"From a standing start they made the mile in just two minutes. I figure they were going 50 miles an hour when they crashed."
Thus Frank Barnes, retired Katy engineer, recently described the start of the now-famous Katy man-made wreck at Crush, Texas.
Frank leaned back in his favorite rocker in the living room of his comfortable San Antonio home and recalled the wreck.
"I was just a kid, then," he said. "You know, that was back in September, 1896. I should have had a bunch of pictures, but at that time I was young and didn't care about such things."
Frank, when he retired in May of this year, was the Katy's oldest engineer in point of service. He started working for Katy in December, 1892, as an engine watcher. That was just three days before his 21st birthday, and quite a while before the Katy had a station in San Antonio.
"I fell in love with steam engines then," he told the Magazine reporter. "I've been in love with 'em ever since. You know, I was running a freight out of here (San Antonio) when I retired. I could've had any train I wanted, but I don't like diesels. I like to hear the steam engines puff. The diesels don't make enough noise and they ride too easy. You don't even know your on an engine."
The retired engineer looked across the room at Mrs. Barnes, who nodded her head in agreement. "The diesels just stand there silently after they bring a train in the station," she affirmed. "The steam locomotives moan and groan and tell youi about the trips they've made."
Engineer Barnes harked back to the Crush Wreck. "I said those were good locomotives and I meant it. You see they were 30- ton engines which were surplus. The Katy was putting in new 60- ton jobs. The road foreman of engines, Mr. MacElvaney (Ed. Note: Father of C. T. MacElvaney, master mechanic at Dallas) told me that they had about 50 of them they wanted to get rid of. They were selling them to logging camps and gravel companies and such."
Fifty-seven years of active railroading bring forth a lot of adventures, but several take top priority in the 79-year-old Katy man's memories. For example, he recalls with pride the Shriner's Special he piloted out of Galveston back in 1913. The train was double-headed and Frank was the head engineer. They had a cleared board and orders which made the special superior to anything between Galveston and Dallas, their destination, and there were two firemen on each engine.
"We never made a stop," Barnes related, his eyes sparkling, "except for coal and water."
Another highlight in the Katy Engineer's life was the time Lodge 421, AF & AM, held a special meeting in March of last year to honor Frank Barnes' 50 years of membership.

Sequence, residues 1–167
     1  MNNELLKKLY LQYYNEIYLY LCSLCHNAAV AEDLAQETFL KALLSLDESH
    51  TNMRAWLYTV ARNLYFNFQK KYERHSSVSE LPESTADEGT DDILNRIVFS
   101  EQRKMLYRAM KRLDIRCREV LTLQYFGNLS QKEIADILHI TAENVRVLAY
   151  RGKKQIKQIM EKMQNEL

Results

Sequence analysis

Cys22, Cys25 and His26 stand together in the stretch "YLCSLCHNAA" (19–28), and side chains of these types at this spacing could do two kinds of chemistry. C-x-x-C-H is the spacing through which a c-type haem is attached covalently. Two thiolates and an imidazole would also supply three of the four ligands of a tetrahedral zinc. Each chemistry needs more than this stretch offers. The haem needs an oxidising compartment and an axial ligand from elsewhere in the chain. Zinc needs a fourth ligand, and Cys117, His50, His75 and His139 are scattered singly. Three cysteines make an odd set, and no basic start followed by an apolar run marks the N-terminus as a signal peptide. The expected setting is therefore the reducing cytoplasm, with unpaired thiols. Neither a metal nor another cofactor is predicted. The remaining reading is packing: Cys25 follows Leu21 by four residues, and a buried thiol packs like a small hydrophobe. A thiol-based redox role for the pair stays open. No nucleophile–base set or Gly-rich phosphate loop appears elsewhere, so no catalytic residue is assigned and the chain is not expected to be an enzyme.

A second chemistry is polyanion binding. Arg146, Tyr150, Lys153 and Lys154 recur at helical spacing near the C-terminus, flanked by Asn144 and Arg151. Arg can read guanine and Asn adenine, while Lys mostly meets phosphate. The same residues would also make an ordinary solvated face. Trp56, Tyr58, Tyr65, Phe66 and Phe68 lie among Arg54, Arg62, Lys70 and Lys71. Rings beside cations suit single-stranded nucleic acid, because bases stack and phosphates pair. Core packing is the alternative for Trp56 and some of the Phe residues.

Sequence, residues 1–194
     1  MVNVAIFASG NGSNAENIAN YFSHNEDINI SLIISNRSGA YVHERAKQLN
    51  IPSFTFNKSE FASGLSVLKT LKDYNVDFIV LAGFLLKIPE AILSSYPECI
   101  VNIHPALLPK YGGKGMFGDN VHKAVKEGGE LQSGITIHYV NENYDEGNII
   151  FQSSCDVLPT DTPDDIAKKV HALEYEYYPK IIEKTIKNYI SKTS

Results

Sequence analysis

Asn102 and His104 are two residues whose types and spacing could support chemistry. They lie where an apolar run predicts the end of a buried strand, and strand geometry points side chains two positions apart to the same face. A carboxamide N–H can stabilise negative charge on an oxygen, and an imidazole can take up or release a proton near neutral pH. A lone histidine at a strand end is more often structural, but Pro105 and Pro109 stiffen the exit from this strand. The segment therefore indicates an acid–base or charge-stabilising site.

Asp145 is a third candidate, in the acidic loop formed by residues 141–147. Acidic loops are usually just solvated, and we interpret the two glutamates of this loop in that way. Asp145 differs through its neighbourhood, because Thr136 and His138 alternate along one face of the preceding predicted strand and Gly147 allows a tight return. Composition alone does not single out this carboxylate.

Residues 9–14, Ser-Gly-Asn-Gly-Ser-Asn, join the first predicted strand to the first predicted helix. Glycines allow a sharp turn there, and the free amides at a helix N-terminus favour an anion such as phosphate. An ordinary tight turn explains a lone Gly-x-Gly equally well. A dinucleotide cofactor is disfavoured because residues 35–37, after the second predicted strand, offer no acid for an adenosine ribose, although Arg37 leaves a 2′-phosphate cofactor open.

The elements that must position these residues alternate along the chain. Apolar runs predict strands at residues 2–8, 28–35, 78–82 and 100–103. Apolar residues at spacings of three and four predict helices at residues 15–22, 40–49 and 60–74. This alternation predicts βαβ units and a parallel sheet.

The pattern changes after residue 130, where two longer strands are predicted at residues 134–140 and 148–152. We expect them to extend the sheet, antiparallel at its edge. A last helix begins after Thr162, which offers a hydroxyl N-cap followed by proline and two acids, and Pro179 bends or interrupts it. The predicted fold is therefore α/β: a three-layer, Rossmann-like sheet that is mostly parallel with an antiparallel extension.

"You know I'm mighty proud of my Katy 50-year service pin, too."
Asked about the current stories of the Crush accident, Engineer Barnes shook his head. "They come pretty close to being right," he said "but there's been some things left out. For instance, Mr. Crush took every precaution to make the whole affair a safe event. You know, that was back in the link and pin coupler days. In order to keep the trains from breaking apart they were fastened together with extra chains. As an extra safety precaution the rails were pulled up behind each train--that was in case one of them got away--it couldn't run wild down the main line.
"Mr. Crush made sure that there would be a wreck, too. The locomotives were in perfect mechanical condition, but to insure that the event would come off Mr. Crush had an extra locomotive as a standby, just in case something happened to one of the painted up engines."
He grinned in remembering. "I'll tell you, those were two flashy engines. Old 999 was painted green with red trim, and was headed south. Number 1001 was red, trimmed in green, and was headed north."
He rubbed his hands together as if polishing brass. "I'll tell you we really worked on those engines. Fireman in those days had to keep their engines in condition. We had to enamel our engines, fill the lights with oil, polish the brass, and all of those chores.
"We had a good time for a week before the wreck, though. You see, in order to advertise the event we toured all of North Texas with one of the trains. We went to Waco, Denison, and all those towns along the Katy.
"I still don't know what made those boilers explode. Everything was planned just right, and the crowd really got its money's worth. All of those safety precautions were taken and nobody would have been hurt if the boilers hadn't gone off. Even then, they wouldn't have been hurt then if they'd stayed behind the safety lines after the collison."
He named the crew of the two trains. "Stanton and Cain were the engineers," he said. "Dickerson and myself were firemen. The conductors were Webb and Thurman, and the brakemen, Parsons and Heacock. I don't remember their initials, and I don't know where they are now. Maybe they've passed on."
The Katy's oldest engineer described his decision to retire in simple language.
"I've always lived a clean life," he informed the Magazine representative. "I've followed the pattern set by my father and grandfather. They didn't drink hard liquor or use tobacco. I don't know what made me decide to retire. I got up for breakfast on the fourth of last March and told Mrs. Barnes I had a notion to retire. She said, "Why don't you?"
"So I did."